The CTBTO’s radionuclide network has made a significant detection of radioactive noble gases that could be attributed to the nuclear test announced by the Democratic People’s Republic of Korea (DPRK) on 12 February 2013.
The detection was made at the radionuclide station in Takasaki, Japan, located at around 1,000 kilometres, or 620 miles, from the DPRK test site. Lower levels were picked up at another station in Ussuriysk, Russia. Two radioactive isotopes of the noble gas xenon were identified, xenon-131m and xenon-133, which provide reliable information on the nuclear nature of the source.
The ratio of the detected xenon isotopes is consistent with a nuclear fission event occurring more than 50 days before the detection (nuclear fission can occur in both nuclear explosions and nuclear energy production). This coincides very well with the announced nuclear test by the DPRK that occurred on 12 February 2013, 55 days before the measurement.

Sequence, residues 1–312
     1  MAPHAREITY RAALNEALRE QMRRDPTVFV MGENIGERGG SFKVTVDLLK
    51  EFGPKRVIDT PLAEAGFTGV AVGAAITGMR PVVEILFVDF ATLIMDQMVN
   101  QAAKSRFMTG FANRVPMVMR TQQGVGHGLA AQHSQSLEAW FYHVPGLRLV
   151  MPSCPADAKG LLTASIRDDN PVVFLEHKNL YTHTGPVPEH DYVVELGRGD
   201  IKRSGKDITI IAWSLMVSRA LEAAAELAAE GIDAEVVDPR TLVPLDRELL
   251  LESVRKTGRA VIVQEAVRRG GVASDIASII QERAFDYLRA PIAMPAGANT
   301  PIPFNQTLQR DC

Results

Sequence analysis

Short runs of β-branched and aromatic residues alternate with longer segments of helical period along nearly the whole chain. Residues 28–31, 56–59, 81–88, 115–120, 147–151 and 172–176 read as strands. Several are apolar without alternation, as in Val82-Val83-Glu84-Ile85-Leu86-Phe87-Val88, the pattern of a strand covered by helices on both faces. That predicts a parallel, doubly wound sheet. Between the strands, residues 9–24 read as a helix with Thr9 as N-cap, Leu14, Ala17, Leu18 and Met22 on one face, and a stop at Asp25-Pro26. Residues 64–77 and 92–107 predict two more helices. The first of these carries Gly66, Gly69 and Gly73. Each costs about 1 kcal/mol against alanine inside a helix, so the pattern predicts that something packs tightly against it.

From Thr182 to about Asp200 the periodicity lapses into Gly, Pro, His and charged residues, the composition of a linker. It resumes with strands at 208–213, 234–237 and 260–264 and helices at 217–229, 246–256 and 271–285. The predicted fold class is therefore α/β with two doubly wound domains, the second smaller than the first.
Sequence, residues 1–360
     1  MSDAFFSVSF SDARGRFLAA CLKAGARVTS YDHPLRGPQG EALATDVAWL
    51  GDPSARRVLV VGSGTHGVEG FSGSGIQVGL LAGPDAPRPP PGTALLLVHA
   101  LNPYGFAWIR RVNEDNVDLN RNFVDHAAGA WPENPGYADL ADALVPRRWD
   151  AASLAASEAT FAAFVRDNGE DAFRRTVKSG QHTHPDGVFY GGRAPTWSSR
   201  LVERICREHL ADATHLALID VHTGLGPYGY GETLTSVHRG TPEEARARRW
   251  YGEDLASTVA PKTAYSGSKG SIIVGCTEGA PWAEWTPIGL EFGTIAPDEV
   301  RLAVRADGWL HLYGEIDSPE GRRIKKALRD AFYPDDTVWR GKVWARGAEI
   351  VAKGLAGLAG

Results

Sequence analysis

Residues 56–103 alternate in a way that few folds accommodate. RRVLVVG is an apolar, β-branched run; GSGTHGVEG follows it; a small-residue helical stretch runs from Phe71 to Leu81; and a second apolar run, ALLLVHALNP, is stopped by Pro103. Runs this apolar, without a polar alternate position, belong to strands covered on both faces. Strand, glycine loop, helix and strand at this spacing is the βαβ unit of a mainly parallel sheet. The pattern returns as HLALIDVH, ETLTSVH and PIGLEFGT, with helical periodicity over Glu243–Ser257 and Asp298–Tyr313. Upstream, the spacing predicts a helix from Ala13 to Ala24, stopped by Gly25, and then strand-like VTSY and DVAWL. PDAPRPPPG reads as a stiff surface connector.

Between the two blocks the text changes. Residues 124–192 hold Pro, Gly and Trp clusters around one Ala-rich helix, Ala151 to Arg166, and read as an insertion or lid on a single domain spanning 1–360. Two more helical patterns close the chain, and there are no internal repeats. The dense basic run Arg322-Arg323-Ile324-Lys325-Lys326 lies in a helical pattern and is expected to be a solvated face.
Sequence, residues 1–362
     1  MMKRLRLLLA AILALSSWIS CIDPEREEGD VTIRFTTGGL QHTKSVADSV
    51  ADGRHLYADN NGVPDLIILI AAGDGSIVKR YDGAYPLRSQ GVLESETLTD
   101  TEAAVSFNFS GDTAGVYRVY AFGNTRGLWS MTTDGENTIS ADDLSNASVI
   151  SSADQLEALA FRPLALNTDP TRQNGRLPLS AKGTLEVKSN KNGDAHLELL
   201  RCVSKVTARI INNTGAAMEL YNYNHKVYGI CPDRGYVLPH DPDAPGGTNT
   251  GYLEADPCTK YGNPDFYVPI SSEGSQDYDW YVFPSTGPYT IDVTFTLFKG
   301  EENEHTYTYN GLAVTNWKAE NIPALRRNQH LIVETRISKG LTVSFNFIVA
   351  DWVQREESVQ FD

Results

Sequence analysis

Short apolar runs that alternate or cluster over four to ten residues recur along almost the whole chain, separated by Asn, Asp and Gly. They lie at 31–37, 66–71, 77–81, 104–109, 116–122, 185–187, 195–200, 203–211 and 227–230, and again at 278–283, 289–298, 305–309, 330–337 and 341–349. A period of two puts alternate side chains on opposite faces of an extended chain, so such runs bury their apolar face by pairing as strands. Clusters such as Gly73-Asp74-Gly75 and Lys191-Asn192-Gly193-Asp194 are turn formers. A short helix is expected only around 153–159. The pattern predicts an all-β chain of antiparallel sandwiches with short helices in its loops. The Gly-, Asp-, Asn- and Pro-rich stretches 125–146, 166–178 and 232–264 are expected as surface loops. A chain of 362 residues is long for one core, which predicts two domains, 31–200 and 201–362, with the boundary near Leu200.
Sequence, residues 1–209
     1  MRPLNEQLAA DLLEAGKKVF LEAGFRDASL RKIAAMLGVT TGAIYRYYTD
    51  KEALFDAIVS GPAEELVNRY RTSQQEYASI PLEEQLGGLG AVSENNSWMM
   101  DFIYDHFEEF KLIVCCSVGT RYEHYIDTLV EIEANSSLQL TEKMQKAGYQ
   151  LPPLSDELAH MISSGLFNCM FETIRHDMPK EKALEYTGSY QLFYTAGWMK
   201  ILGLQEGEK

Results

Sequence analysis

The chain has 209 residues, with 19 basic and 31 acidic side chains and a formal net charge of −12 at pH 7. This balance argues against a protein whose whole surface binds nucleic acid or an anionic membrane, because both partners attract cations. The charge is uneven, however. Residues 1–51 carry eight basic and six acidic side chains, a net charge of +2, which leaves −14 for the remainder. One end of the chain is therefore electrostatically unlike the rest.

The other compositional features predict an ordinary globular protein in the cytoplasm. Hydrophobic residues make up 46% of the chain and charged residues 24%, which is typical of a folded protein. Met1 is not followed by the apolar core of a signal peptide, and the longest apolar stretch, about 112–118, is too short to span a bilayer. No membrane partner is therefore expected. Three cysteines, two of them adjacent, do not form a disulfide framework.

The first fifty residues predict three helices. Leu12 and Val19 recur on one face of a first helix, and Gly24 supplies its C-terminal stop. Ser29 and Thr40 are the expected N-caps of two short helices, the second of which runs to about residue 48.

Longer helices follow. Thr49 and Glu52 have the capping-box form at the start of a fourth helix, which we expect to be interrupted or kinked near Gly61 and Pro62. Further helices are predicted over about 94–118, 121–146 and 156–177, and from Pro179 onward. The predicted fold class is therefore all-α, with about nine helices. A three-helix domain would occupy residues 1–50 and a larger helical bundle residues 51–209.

For more information and background see the full press release here.
For further information on the detection, see Q&A sheet here.
For Broadcasters: download broadcast-quality material and shot-sheet here.
Watch the video here.
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For further information on the CTBTO, please see www.ctbto.org – your resource on ending nuclear testing, or contact:
Annika Thunborg, Spokesperson and Chief of Public Information
T +43 1 26030-6375
M +43 699 1459 6375
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